Objectives of the GHS Safety Data Sheets (SDS).
A lot of countries around the world have started using the UN globally harmonized system for classifying and labeling chemicals. This is done to attain some objectives.
One aim of doing this is protecting the health of workers who process, store and transport chemicals. Another aim of this is to safeguard the environment. A uniform classification system enhances the proper identification of the chemical’s hazardous levels. In the past, some countries did not have any classification method. Other countries on the other had different methods of chemical classification. As a result, this led to a lot of confusion in handling chemicals and imposing risky situations.
GHS safety data sheets were developed based on an extensive study. The study was meant to solve the classification differences. It aimed at unifying the classification an as well as the categorization while ensuring that the protection levels were still high.
The classification considers the hazardous features of the chemicals as well as their formulation. It also takes into account the reactivity of the chemical with other chemicals, air, and water. GHS SDS were therefore developed in a way to protect those in the processing sector, storage, transportation as well as the end user. GHS was revised many times throughout. According to GHS rules, the content of the hazard should be properly disclosed without caring whether the confidential, as well as proprietary formulations, are exposed. This is a significant area of training to employees about handling chemicals as well as putting the safety labels correctly.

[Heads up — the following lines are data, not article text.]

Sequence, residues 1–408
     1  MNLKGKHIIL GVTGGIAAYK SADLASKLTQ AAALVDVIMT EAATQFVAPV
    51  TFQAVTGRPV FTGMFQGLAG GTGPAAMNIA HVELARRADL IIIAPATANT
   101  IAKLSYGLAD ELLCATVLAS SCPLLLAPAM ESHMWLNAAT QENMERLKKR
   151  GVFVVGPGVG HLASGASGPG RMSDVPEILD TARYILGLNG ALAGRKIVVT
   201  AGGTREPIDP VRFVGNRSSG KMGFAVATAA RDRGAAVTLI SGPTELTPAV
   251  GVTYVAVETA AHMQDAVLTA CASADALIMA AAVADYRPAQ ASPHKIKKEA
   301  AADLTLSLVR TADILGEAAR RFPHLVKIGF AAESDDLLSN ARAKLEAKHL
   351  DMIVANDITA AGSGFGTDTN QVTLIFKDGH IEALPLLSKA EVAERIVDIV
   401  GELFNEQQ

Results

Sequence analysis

In case a distributor or an importer receives a sealed chemical container, it is his or her duty to make sure that the labels are intact. When the chemical container is open, the manufacturer should make sure that the information on the data sheets is available to the workers who handle the chemical.
GHS has no uniform testing method. On the other hand, it relies on the tests done by test agencies that are internationally accepted. Such agencies include OECD or WHO. The information in the tests consists of health and environmental hazards. UNSCETDG tests are used for flammability, explosives, and other physical hazards. GHS relies on available data. When new data comes in place, it also uses it. Therefore, distributors and manufacturers should keep these changes in mind. Some chemicals do not need to be labelled. Such chemicals are pesticides such as fungicides and rodenticide.
GHS has brought a lot of benefits in chemical categorization and classification. It also has a lot of anomalies and exceptions. Professionals therefore ought to prepare compliant GHS SDS labels. The experts will also guard the proprietary formulations as they take care of exceptions and anomalies.